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COVID-19 Turned the Valley’s Music Scene on its Head

Three years later, musicians and supporters are finding new normals.

This article is part of our series, The Long March 2020, looking back on three years of the COVID-19 pandemic in western Mass. For an updated list of all articles in this series, see our introductory piece.

By Brian Zayatz

Kimaya Diggs does not have the music career she thought she would in early 2020. At the time, she was playing about 100 nights per year across New England and beyond, mostly as a solo act, and had just started recording a new album. 

Today, the Easthampton-based artist, who is now celebrating the self-release of that album, the genre-bending Quincy, looks back on March 2020 as a time of instability. “In the first couple weeks of the pandemic I lost 57 bookings, so pretty close to $20,000 worth of shows,” she told The Shoestring in a recent interview.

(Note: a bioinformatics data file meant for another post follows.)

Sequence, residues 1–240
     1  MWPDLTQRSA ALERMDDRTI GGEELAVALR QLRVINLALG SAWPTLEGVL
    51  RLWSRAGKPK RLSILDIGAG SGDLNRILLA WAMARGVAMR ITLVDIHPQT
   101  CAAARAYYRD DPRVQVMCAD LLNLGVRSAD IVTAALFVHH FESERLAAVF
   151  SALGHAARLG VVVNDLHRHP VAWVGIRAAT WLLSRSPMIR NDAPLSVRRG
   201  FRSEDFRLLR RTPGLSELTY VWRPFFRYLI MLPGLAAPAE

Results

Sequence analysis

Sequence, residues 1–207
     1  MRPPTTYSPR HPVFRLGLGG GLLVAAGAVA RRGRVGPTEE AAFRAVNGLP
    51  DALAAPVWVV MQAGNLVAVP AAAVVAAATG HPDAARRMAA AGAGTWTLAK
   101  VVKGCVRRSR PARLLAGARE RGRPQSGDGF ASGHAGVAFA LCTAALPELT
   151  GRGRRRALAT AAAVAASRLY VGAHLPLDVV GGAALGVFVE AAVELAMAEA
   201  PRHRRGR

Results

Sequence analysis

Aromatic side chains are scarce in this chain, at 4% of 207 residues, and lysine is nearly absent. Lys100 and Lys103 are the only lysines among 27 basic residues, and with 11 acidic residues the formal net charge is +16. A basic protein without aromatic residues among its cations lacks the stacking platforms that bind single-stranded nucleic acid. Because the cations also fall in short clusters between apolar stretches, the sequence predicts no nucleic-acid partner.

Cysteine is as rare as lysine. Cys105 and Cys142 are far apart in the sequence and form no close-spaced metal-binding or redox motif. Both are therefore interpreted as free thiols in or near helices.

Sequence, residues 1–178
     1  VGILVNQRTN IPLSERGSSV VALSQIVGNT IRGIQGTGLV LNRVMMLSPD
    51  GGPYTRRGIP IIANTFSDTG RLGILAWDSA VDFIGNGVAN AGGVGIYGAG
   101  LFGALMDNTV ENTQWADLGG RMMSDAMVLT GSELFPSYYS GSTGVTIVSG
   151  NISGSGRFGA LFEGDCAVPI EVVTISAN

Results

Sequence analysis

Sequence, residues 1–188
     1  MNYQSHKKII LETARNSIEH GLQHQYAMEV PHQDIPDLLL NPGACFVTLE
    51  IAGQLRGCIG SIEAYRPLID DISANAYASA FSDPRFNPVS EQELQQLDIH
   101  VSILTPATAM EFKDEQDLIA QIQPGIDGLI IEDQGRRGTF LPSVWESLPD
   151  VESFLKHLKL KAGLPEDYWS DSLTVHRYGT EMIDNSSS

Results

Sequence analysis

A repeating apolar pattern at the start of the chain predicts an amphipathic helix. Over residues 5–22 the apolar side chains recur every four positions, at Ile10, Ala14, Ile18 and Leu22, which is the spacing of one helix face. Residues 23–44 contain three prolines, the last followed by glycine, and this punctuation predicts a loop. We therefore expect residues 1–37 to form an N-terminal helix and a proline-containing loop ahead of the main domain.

The story is a familiar one across the music industry: as touring ground to a screeching halt as Covid-19 spread rapidly across the US, artists found themselves hung out to dry, and in many cases ineligible for the first wave of emergency aid, such as unemployment, that came from the federal government. (This was true of Diggs, who quickly got a remote job as a copywriter for a tech startup, and now works as a speechwriter.) 

Few industries were as impacted by the pandemic as live music, and at the center of it were artists like Diggs who had both finances and creative ambitions to salvage. Across the globe, artists, fans, venue owners and DIY show organizers were forced to get creative to keep the beloved aspects of a sometimes brutal industry alive, and western Massachusetts, known for a lively scene hugging the span of the Connecticut River, is no different.